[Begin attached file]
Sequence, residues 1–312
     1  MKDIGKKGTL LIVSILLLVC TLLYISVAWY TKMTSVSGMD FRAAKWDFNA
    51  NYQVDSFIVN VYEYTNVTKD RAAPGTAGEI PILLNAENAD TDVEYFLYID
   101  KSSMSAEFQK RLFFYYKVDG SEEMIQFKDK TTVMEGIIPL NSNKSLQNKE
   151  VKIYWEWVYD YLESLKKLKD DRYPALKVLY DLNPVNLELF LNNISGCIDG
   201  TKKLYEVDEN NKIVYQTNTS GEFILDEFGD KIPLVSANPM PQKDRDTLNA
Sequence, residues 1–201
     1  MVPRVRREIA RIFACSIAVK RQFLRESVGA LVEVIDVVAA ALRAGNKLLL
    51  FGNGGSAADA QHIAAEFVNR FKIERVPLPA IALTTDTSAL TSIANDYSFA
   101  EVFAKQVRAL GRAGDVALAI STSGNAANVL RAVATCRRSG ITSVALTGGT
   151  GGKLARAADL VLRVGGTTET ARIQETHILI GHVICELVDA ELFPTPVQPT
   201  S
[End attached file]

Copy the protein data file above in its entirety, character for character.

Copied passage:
Sequence, residues 1–312
     1  MKDIGKKGTL LIVSILLLVC TLLYISVAWY TKMTSVSGMD FRAAKWDFNA
    51  NYQVDSFIVN VYEYTNVTKD RAAPGTAGEI PILLNAENAD TDVEYFLYID
   101  KSSMSAEFQK RLFFYYKVDG SEEMIQFKDK TTVMEGIIPL NSNKSLQNKE
   151  VKIYWEWVYD YLESLKKLKD DRYPALKVLY DLNPVNLELF LNNISGCIDG
   201  TKKLYEVDEN NKIVYQTNTS GEFILDEFGD KIPLVSANPM PQKDRDTLNA
Sequence, residues 1–201
     1  MVPRVRREIA RIFACSIAVK RQFLRESVGA LVEVIDVVAA ALRAGNKLLL
    51  FGNGGSAADA QHIAAEFVNR FKIERVPLPA IALTTDTSAL TSIANDYSFA
   101  EVFAKQVRAL GRAGDVALAI STSGNAANVL RAVATCRRSG ITSVALTGGT
   151  GGKLARAADL VLRVGGTTET ARIQETHILI GHVICELVDA ELFPTPVQPT
   201  S